How Yoga Reduces, and Often Entirely Eliminates, Chronic Trigger Point & Muscle Pain

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Yoga’s ability to shift the nervous system out of the stress response and into the relaxation response is vital to people whose central nervous systems are sensitive, hyped up, and overstimulated —such as the case is in Lyme, lyme co -infections, and related or complex wide spread systemic diseases and conditions like fibromyalgia, chronic fatigue, various autoimmune conditions, ASD and more.

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Garland Pose: This yoga asana (asana = physical yoga pose) is a killer inner thigh opener and works wonders on tight hips.

Conditions like fibromyalgia almost always present a symptom picture including widespread pain in the muscles and specific trigger points throughout the entire body.

Personally, I experienced trigger point pain very similar to that of someone with fibromyalgia when going through Lyme treatment. Actually, more than similar — the EXACT same trigger points were impacted as those of a person with Fibromyalgia— and I am willing to bet I am not the only one with Lyme who has dealt with or is dealing with this.

((**QUICK NOTE: I am not implying fibromyalgia is actually undiagnosed Lyme disease, a notion which many with Lyme have pushed on people with Fibromyalgia. Let’s face it: having Lyme does not mean we are certain of the mechanisms of fibromyalgia and other unexplained health problems. So, telling people with fibromyalgia they are wrong, doing the wrong treatments, seeing the wrong doctors etc. is highly insulting to their intelligence and ignorant. To anyone in here with fibromyalgia or something else like CFS —please know I will never do this to you, I believe you know your truth far better than me, obviously. Doing this to people shakes their sense of inner wisdom and confidence they rely on to guide them through their healing journey. No one has a right to carelessly diminish that crucial part of the self in another being. Period. So we will not ever do that here.))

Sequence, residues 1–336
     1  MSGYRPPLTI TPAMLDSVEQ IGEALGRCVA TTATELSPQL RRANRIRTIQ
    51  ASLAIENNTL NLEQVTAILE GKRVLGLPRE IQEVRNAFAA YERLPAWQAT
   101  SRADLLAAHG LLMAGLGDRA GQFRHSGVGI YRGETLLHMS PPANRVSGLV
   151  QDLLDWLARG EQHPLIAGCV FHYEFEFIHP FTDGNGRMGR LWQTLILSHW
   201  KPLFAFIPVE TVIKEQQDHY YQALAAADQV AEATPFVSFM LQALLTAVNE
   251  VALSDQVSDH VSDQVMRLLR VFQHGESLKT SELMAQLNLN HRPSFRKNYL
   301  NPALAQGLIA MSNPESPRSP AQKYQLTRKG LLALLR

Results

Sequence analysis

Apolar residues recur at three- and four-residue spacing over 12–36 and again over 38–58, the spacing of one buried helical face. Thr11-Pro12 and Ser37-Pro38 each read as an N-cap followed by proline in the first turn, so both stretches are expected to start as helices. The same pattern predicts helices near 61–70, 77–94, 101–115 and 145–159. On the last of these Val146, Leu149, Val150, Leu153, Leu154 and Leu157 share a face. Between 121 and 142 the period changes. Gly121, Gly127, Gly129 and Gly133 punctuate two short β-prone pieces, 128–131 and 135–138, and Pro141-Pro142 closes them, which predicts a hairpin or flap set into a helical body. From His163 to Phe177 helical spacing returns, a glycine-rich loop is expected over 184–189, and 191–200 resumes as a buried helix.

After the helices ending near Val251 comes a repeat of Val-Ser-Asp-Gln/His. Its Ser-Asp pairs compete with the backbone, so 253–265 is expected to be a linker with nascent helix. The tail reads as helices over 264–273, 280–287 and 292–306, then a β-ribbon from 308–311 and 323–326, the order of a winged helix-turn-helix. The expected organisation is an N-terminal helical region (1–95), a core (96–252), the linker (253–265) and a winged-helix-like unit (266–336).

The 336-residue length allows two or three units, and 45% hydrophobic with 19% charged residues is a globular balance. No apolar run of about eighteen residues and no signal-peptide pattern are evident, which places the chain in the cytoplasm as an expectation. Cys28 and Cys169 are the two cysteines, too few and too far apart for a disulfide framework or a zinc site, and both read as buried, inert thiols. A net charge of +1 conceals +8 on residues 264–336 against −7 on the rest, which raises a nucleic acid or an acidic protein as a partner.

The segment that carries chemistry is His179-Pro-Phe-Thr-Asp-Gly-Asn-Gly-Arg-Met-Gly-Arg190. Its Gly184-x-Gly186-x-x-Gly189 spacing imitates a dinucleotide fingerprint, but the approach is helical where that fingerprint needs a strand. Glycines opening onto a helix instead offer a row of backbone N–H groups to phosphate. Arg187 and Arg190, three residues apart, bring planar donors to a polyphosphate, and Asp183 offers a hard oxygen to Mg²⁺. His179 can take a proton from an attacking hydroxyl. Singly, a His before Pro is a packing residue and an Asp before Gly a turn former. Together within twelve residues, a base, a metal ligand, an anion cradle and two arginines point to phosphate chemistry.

Back to yoga for muscle pain and trigger point therapy

To understand how yoga decreases this type of chronic pain to such a dramatic degree, to the point where people report going from bed bound to active again due to the practice of yoga alone, we will use the analogy of getting “writer’s cramp” to make it easy: